Saturday, April 25, 2009

Sarah Jarosz

Her MySpace page identifies her from Austin, but as a real local, I'm proud to point out 17 year old high school senior Sarah Jarosz (pronounced Jah-Rose)whose debut album has just been released on Sugar Hill Records, is actually from the small hamlet of Wimberley, where I've had the pleasure of watching a community raise a great musician.

Kris remembered she showed initiative at kindergarten age when she volunteered to lead the assembly at St. Stephens School in singing "It's A Grand Old Flag." My memories are a sweet kid with supportive parents hanging around the edge of the Friday Night Picking Sessions at Catfish Charlie's, strumming her guitar or mandolin along with everyone else in a large picking circle led by Mike Bond. By the end of junior high, she was leading picking circles on her mandolin and clawhammer banjo at parties that our neighbors Alan Munde and Kitty Ledbetter throw, fingers blazing, but always in an understated manner. Then came standout performances at the Old Settler's Music Festival, gigs with the Austin Symphony, national appearances, numerous YouTube vids, a jam with John Paul Jones of Led Zeppelin and Uncle Earl, and European tours. Now comes her recorded debut, supported by the likes of Tim O'Brien and Chris Thiele of Nickel Creek.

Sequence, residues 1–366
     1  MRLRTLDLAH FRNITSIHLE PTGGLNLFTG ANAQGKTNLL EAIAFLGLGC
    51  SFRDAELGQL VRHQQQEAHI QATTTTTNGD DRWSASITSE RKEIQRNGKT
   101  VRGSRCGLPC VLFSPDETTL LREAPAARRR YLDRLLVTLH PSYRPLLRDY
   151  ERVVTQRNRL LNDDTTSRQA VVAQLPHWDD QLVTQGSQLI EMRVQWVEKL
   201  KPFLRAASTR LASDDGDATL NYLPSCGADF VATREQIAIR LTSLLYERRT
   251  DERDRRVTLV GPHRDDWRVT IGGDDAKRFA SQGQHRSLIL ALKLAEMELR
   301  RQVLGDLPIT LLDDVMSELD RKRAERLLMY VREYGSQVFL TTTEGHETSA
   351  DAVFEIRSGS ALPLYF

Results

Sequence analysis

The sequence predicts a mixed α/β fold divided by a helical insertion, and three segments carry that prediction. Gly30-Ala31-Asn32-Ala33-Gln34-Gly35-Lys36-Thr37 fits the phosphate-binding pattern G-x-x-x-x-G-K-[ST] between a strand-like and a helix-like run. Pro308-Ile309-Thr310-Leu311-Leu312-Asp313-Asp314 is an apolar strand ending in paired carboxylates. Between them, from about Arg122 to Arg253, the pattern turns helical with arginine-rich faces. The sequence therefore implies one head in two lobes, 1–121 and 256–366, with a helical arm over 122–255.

So what's inside Song Inside My Head ? An album's worth of wonderfully atmospheric acoustic music, most of them originals that sound ancient, along with a few smart covers, such as the Decemberists' "Shankill Butchers" and Tom Waits/Kathleen Brennen "Come On Up To The House" that sound equally timeless. Collectively, they show an exceptional instrumentalist and a distinctive, still developing voice on the cusp of greatness. Her foundation may be bluegrass but no way does she fit into that box. Rather, Jarosz is a voice (and a stylist) who is already fully-developed, but young enough to be fun keeping up with over the years. Since she's headed to the New England Conservatory of Music after she graduates from WHS this spring, I'm looking forward to what comes next almost as much as I'm enjoying her engaging sound in the here and now.